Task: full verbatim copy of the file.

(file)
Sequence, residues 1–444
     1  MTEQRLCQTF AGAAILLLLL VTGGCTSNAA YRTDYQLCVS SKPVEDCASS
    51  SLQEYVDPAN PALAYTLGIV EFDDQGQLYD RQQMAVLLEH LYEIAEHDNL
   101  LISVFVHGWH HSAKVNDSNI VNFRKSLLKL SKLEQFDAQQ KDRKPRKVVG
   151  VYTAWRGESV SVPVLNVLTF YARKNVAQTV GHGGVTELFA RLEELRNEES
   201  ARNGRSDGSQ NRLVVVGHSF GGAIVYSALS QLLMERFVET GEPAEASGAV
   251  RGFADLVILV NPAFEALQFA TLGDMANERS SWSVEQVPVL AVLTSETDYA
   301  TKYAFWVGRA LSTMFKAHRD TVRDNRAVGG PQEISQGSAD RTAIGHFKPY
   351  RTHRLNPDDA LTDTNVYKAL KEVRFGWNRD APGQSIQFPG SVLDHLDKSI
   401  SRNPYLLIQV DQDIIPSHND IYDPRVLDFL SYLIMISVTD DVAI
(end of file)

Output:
Sequence, residues 1–444
     1  MTEQRLCQTF AGAAILLLLL VTGGCTSNAA YRTDYQLCVS SKPVEDCASS
    51  SLQEYVDPAN PALAYTLGIV EFDDQGQLYD RQQMAVLLEH LYEIAEHDNL
   101  LISVFVHGWH HSAKVNDSNI VNFRKSLLKL SKLEQFDAQQ KDRKPRKVVG
   151  VYTAWRGESV SVPVLNVLTF YARKNVAQTV GHGGVTELFA RLEELRNEES
   201  ARNGRSDGSQ NRLVVVGHSF GGAIVYSALS QLLMERFVET GEPAEASGAV
   251  RGFADLVILV NPAFEALQFA TLGDMANERS SWSVEQVPVL AVLTSETDYA
   301  TKYAFWVGRA LSTMFKAHRD TVRDNRAVGG PQEISQGSAD RTAIGHFKPY
   351  RTHRLNPDDA LTDTNVYKAL KEVRFGWNRD APGQSIQFPG SVLDHLDKSI
   401  SRNPYLLIQV DQDIIPSHND IYDPRVLDFL SYLIMISVTD DVAI